4 Common Reasons Low-Code Projects Fail4 Common Reasons Low-Code Projects Fail
Far too many organizations today expect magic from low-code tools and their initiatives fail. Where do they go wrong?
March 4, 2022
In recent years, organizations have begun adopting low-code tools, most often in response to the assertion that their employees can create applications without having to code like a developer. That often is referred to as citizen development.
At the same time, 64% of IT professionals have also started leveraging low-code as their go-to, work-around development solution. It’s not surprising that we’re seeing this shift in application development at a time when demand for applications is greater than the supply of skilled workers to create them, leading to significant project delays and backlogs. In fact, a whopping 86% of IT decision-makers say the biggest challenge to digital transformation is that there are too few software developers.
While low-code tools certainly have many benefits, far too many organizations try to use these platforms expecting magic to occur – and instead meet with mixed results or outright failure. Why the disconnect? Here are some common reasons low-code initiatives fail at organizations:
1. Putting low-code tools in the hands of the wrong people.
While low-code tools are heralded as platforms that amateurs (citizen developers) can use to easily build applications, they’re not meant for anyone to solve anything. As an illustration: Many people can play chopsticks on the piano, some folks can play beautiful music, and a select few are concert pianists. The instrument used is the same, but as complexity increases, it requires a certain level of skill. Invariably, real business problems require that low-code tools be used by the right people (typically professional developers) to accelerate digital change. Low code should appeal to everyone. However, they probably most appeal to people who can code but get more done in less time using low-code tools instead.
2. Giving the tools to the right people but having them do the wrong things with it.
If professionals leverage low-code tools to create applications more quickly but don’t listen to business stakeholders, they’ll still build terrible applications -- they’ll just build them faster. Low-code tools don’t save bad developers from bad development. It’s important to still treat low-code efforts like real, professional development projects. Users who cut corners and think any issues will be solved in testing (but then don’t actually test the application) are going to run into serious problems. Agile principles should apply to low code as well as traditional development methods. In fact, low code should allow one to iterate more often to make sure the applications meet the changing needs of business stakeholders.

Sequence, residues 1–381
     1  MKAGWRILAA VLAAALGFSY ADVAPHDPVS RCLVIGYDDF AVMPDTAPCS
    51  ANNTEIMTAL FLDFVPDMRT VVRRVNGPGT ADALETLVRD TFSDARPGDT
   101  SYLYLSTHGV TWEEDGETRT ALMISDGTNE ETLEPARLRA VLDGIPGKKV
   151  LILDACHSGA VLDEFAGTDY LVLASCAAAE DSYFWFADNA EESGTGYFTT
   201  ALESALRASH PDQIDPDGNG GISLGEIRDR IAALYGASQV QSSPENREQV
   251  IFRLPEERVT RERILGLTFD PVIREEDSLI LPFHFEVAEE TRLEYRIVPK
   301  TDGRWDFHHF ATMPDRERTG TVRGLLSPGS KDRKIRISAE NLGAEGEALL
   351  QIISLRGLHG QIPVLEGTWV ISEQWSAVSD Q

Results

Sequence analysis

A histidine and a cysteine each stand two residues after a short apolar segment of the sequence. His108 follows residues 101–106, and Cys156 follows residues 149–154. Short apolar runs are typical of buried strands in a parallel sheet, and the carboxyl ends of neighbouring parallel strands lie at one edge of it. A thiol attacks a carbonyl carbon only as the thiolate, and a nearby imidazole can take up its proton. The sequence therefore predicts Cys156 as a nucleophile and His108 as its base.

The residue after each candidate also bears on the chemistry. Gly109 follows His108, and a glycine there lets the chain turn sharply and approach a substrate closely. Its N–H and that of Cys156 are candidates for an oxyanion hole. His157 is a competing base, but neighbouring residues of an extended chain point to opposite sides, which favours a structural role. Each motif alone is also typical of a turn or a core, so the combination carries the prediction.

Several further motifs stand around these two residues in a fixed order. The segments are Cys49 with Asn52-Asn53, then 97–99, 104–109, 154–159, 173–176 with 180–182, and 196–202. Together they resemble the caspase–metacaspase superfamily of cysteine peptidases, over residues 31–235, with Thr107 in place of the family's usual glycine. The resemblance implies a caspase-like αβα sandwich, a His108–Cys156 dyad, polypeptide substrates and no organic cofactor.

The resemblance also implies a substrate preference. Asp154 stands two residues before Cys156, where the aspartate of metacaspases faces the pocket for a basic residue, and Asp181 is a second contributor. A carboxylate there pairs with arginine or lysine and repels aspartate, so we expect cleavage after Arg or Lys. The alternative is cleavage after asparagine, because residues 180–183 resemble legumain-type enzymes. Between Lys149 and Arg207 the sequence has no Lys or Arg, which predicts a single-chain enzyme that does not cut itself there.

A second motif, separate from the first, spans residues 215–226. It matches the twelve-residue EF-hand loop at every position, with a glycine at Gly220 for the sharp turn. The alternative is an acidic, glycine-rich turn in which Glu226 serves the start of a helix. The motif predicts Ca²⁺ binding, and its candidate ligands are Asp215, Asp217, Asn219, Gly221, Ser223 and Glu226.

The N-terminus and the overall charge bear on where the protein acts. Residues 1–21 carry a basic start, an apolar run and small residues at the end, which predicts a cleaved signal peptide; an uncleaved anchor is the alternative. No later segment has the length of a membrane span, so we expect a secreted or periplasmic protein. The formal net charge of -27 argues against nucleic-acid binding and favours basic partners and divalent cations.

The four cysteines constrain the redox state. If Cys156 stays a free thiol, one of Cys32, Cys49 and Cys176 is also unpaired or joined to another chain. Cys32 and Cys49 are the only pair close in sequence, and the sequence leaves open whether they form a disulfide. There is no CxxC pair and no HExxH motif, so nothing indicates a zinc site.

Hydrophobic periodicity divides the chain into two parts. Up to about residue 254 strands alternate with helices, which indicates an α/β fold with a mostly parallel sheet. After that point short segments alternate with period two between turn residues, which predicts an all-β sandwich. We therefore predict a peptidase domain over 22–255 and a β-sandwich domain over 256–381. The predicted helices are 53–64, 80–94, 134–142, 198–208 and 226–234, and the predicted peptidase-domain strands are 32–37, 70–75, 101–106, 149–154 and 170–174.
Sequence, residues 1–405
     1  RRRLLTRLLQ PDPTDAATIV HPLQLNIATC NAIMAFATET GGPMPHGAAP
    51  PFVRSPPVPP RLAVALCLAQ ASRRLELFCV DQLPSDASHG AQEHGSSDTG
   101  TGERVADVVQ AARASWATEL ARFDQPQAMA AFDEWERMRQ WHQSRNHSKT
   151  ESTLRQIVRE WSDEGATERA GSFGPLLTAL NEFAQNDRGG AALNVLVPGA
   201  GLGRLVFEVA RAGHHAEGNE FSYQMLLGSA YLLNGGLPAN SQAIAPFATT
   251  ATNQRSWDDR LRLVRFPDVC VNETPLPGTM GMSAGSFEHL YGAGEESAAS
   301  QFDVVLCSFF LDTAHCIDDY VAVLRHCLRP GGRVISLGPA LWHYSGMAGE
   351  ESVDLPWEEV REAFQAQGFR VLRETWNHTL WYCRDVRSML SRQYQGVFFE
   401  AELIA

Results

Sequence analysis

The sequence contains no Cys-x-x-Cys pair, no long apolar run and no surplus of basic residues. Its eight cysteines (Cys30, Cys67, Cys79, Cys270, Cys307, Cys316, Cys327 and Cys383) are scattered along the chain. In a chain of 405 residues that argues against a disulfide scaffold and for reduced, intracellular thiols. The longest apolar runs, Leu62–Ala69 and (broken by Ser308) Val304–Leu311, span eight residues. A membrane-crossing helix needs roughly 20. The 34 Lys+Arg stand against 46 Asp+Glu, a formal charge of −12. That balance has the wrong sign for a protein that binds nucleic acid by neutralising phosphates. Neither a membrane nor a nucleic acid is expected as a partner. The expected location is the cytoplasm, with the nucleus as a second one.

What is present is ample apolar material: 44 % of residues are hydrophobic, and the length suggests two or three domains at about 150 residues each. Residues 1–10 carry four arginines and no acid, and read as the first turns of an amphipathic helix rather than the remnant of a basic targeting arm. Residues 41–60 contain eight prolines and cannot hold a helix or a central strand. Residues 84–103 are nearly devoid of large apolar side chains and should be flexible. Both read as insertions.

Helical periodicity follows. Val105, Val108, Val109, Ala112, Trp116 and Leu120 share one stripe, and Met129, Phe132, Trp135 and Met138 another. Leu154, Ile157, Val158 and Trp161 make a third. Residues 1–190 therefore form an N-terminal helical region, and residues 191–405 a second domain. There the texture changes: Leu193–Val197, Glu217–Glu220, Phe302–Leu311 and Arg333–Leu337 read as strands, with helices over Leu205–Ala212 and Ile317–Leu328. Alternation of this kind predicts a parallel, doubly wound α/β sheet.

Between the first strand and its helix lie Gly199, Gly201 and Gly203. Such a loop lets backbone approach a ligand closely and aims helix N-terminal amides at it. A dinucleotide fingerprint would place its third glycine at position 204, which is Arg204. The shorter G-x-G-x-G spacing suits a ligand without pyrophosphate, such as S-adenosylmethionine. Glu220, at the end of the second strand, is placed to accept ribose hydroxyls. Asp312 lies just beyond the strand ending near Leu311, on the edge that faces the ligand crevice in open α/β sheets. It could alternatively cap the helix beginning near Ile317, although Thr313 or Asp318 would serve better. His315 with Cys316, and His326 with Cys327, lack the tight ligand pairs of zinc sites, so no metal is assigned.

3. Not dealing with deployment and maintenance.
Many low-code projects are built in production mode. For instance, let’s say that we built a solution for handling help desk tickets or expense reports and I think of a clever and useful way to improve it. The odds are that will break the solution (which is obviously really bad). Or, my updates will annoy other users and prevent them from finding what they are looking for when I develop in production. When using low-code tools, it’s tempting to make quick and (seemingly) helpful updates whenever an idea strikes, but it’s still incredibly important to test and validate, and prepare and train IT and users before just throwing a change into the wild. Developing in production has the potential to disrupt user activity or damage live data. What is especially true with many citizen developer projects is that change management is not the highest priority. There might be a packaging/deployment facility for one-time deliverables, but it often results in a complete overwriting of the original application. Actual change management is rarely seen among low-code platform offerings.
4. Focusing on building the application and not considering how to deliver it.
Building the application is only 10% of its delivery process. For example, low-code tools won’t help you create a good design for your solution, make it compliant, or properly secure it. (The options for securing it might be really limited). In fact, the default for low-code platforms is often to let users do whatever the solution builder has the privileges to do. The onus falls on the solution builder to take away user privileges that are unnecessary. Auditing and monitoring? You’re usually on your own. Documentation? Education? Maintenance procedures? They’re usually manual or nonexistent. By only focusing on building an application, you might end up with something that is clever in the short term, but that is poorly designed, not compliant, and insecure in the long term.
Low-code tools are steadily gaining in popularity, with Gartner predicting that low-code application building will gather more than 65% of all app development functions by the year 2024. As this technology gains greater momentum, it will be even more important for organizations to think about who is using these tools, what they are using them for, how they are using them, and which outcome they are expecting. By better understanding how these tools work and how low-code projects differ from traditional development projects, businesses will be primed to avoid these common low-code project failures. Low-code development is, after all, still development.
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